• Dec 24 '15

    I work 'round the clock year after year
    With little thanks & praise
    Can you imagine such ingratitude
    And the nurse had one humorous gaze

  • Oct 15 '15

    I think you have every right to be irritated. Nurses are human, but we should keep it professional.

  • Oct 4 '15

    I think disclosing the minimum amount of info necessary (i.e., leave out patient identifiers) to get your point across is ideal:
    Hallway conversations. Talking about patient information in public places is problematic. Although HIPAA does not address this problem specifically, its privacy principles reinforce the professional commitment to use care in such situations to avoid unintentional disclosure of information. Talking in elevators, discussing a case over lunch, discussing a difficult situation with friends over dinner — all of these situations raise the possibility that a client’s protected health information will be revealed inappropriately. Certainly, professionals may discuss, and should discuss, difficult situations in a healthy atmosphere of learning and problem solving. Again, the “minimum necessary” rule will help to guide these discussions. Remembering to delete identifying information when possible, exchanging only enough information to further the discussion, and holding such conversations away from busy public places will improve the ability to protect patient confidentiality.” HIPAA and Confidentiality | CE513 > Page 2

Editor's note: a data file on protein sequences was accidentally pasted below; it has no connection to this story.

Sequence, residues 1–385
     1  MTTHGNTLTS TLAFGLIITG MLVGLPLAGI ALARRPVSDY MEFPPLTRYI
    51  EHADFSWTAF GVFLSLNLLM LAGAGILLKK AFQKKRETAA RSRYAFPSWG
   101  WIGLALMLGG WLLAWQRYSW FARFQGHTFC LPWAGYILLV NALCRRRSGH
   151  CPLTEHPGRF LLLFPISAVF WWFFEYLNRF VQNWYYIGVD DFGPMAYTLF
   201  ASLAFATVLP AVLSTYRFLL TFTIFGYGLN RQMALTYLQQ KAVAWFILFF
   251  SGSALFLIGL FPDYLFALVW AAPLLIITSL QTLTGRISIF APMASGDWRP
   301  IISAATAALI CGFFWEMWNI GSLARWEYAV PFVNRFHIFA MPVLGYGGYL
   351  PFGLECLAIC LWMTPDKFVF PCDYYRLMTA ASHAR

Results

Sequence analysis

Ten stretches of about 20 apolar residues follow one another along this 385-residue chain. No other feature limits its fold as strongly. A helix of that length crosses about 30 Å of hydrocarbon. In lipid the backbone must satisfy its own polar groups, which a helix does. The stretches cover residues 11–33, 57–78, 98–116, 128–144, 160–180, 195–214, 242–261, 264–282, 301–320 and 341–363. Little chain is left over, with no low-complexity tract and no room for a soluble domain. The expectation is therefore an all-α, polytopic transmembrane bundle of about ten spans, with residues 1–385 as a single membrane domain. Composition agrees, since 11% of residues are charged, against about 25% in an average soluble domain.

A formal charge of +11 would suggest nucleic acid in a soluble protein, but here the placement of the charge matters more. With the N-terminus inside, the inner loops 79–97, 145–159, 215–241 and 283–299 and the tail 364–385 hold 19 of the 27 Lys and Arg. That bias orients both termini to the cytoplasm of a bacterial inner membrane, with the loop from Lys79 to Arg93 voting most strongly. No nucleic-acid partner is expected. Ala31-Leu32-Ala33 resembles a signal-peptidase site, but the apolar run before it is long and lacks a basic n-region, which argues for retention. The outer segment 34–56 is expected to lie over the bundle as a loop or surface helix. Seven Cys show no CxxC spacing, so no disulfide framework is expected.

• Sep 15 '15

    People, hear me out. I cannot control what I wear to work. I watch what I say. Let me have this one freedom of keeping extremely short gel nails covered with the color of my choice while at work. P.S. It's plum this week, & I love 'em!

  • Aug 26 '15

    A transfer from a psych unit arrived in the ICU after she fell, broke her arm, and was unarousable after orthopaedic surgery. This elderly woman eventually came around, but she had mania-induced psychosis. A cardiologist who was consulted visited her while I was in the room, & she asked the cardiologist if he could see the black cat spying on her in the vent above her. He said, "No ma'am, I don't see a cat anywhere." She said to the cardiologist, "Well, you're obviously stupid."

  • Aug 25 '15